Having a will is one of the best ways to protect your loved ones when you die, but too many people put it off. Some are just busy and forgetful. Others don’t like to dwell on their mortality.
However, delaying the process could leave you with a will that’s not valid or doesn’t reflect your wishes. When you want to write a will you need to have the answer to the following question. How to write a will in Australia? You also need to be aware of the mistakes that you must avoid.
Mistakes to avoid when writing a will
Here are some common mistakes to avoid when writing a will:
- Don’t do it yourself – This is the biggest mistake people make when writing a will, says attorney John Harte of Harte Law Firm PLLC in Charlotte, North Carolina. He says he has reviewed thousands of wills written by individuals and sees the same mistakes repeated over and over again. They include naming heirs who have already died, misspelling names and failing to sign the document or sign it correctly.
- Forgetting to update beneficiary designations – Simply updating your will isn’t enough if you want your assets to be divided according to your wishes after you die, Harte says. You also need to update beneficiary designations for life insurance policies, retirement accounts and investment accounts so they don’t override what you have in your will.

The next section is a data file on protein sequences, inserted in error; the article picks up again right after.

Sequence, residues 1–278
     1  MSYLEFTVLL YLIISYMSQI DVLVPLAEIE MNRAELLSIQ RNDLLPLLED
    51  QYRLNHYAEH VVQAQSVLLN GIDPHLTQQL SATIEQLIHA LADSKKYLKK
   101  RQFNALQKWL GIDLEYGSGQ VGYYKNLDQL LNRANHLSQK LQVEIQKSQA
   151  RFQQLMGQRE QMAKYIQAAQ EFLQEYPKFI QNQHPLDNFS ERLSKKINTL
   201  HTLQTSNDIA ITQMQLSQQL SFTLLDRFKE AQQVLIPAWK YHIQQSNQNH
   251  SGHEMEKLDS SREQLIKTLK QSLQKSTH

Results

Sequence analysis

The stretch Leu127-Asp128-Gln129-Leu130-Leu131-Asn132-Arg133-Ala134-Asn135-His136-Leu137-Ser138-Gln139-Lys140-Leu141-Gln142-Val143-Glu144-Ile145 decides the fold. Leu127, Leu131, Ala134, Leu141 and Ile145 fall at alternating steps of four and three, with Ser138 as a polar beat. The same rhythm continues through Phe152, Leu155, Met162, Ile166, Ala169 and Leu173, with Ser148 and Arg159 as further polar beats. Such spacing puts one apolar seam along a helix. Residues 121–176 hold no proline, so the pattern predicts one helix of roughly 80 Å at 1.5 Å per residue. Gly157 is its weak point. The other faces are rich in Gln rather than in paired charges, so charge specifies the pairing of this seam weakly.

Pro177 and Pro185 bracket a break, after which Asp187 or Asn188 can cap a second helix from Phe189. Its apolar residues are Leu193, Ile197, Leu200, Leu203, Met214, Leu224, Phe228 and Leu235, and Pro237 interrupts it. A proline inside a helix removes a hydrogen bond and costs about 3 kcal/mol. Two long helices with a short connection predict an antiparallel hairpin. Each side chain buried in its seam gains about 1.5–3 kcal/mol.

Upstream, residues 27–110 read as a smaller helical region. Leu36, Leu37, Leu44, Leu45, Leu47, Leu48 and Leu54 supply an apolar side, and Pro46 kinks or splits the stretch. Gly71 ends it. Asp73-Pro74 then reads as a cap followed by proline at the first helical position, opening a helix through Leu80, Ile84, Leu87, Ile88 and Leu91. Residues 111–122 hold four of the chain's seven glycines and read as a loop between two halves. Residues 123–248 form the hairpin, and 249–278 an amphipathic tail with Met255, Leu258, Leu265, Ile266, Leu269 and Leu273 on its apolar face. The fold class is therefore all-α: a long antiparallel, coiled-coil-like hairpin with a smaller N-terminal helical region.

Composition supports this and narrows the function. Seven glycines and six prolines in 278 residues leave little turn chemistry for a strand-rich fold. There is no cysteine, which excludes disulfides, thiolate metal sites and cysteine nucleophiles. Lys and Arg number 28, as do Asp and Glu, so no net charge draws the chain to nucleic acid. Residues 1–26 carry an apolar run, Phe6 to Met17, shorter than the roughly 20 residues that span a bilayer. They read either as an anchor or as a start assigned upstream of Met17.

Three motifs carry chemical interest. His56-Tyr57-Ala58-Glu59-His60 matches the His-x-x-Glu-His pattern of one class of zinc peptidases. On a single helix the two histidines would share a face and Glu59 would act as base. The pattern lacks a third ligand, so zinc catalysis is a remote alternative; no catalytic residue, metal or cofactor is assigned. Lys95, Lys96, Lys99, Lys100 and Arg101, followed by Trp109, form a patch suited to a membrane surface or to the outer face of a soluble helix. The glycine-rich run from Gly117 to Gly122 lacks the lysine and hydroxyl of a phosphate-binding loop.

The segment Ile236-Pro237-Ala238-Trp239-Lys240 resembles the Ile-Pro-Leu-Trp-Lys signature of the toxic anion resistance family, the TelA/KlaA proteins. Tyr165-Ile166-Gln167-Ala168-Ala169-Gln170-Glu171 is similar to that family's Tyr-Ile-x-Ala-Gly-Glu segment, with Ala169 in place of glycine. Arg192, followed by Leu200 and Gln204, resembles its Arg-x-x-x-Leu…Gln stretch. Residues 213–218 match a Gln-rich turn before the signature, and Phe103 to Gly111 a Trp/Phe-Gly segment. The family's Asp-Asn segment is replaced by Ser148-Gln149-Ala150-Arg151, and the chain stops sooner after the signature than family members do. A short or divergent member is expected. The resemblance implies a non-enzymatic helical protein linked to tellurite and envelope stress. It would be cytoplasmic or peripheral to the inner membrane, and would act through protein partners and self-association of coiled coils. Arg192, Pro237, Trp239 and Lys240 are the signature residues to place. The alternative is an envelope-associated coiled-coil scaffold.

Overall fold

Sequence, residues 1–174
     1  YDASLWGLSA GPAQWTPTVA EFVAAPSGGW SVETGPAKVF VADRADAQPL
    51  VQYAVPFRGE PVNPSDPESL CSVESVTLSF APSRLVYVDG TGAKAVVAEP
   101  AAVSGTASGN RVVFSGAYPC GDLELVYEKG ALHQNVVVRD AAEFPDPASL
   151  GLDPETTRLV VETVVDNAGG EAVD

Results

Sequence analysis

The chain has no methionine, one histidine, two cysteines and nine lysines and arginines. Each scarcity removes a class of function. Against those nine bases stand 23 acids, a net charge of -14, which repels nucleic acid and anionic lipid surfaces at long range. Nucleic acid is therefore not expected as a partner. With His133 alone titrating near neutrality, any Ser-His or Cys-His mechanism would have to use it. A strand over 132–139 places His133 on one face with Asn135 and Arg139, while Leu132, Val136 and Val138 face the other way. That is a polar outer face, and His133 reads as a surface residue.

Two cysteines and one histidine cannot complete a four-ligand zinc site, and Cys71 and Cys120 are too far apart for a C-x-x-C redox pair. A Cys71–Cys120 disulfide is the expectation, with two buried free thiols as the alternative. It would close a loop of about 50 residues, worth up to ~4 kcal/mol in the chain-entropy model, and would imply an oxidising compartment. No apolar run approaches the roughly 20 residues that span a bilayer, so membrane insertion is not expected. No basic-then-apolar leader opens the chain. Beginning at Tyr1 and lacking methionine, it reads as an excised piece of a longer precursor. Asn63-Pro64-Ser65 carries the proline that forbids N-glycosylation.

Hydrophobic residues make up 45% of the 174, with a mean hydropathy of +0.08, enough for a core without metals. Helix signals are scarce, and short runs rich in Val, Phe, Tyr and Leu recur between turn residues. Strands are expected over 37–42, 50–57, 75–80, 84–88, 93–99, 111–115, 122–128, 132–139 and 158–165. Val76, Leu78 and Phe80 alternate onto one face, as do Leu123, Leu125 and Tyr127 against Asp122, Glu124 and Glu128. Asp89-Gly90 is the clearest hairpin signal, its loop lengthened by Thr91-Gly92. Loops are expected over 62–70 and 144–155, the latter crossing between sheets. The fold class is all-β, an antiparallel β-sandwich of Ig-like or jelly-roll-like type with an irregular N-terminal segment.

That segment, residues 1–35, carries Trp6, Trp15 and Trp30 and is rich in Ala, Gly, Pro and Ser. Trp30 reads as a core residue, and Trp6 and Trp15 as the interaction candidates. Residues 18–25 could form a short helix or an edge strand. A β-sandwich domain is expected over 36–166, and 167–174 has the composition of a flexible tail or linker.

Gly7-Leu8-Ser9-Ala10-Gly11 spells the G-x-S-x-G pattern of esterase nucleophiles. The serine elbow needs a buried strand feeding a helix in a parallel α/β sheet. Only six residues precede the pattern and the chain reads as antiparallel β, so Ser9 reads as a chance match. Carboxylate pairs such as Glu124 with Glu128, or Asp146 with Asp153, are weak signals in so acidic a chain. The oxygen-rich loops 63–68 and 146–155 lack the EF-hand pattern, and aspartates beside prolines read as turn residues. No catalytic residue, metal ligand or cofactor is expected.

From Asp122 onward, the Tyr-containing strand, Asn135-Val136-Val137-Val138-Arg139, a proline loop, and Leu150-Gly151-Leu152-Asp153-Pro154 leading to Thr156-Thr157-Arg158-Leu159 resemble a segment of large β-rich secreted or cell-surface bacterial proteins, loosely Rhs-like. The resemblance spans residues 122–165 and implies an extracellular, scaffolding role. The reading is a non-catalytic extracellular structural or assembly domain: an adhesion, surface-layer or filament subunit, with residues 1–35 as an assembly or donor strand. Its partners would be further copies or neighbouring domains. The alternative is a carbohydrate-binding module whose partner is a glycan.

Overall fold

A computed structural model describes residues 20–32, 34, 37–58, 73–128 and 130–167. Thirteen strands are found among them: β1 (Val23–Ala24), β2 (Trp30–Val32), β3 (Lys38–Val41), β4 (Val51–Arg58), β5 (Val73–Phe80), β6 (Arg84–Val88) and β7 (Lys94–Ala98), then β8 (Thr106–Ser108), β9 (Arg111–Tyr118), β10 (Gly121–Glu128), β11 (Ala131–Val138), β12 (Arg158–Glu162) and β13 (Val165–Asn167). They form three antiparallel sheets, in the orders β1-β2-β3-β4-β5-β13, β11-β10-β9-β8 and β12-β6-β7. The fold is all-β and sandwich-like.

- Not having a backup executor – It’s important to appoint.
- Not naming a guardian for your children: If no one is named in the will to care for your children if something happens to both parents, the court decides who raises them. That may not be who you would want.
- Not keeping your will up to date: Review your will periodically and make changes as needed — when a child reaches majority age, when a beneficiary dies or when your estate-planning goals change for any other reason.
- Not outlining funeral wishes: Writing down what kind of funeral arrangements you want can help make things easier on grieving family members and avoid potential conflicts over decisions such as burial versus cremation.
- Not looking into the laws of your state: Each state has its own rules and regulations when it comes to making a will. For instance, some states have requirements for how many witnesses are needed and what they must do to validate the will.
- Not having enough witnesses: Some states don’t require witnesses, while others require two or three. If you don’t meet the legal requirements where you live, your will might be invalidated.
Making a mistake when writing your will can mean of all of your hard work and preparation have been ruined. It is important to be careful, thoughtful and diligent when you are making one to ensure everything is done correctly. The above mentioned are some of the mistakes to avoid when you are writing a will. The effort is worth it.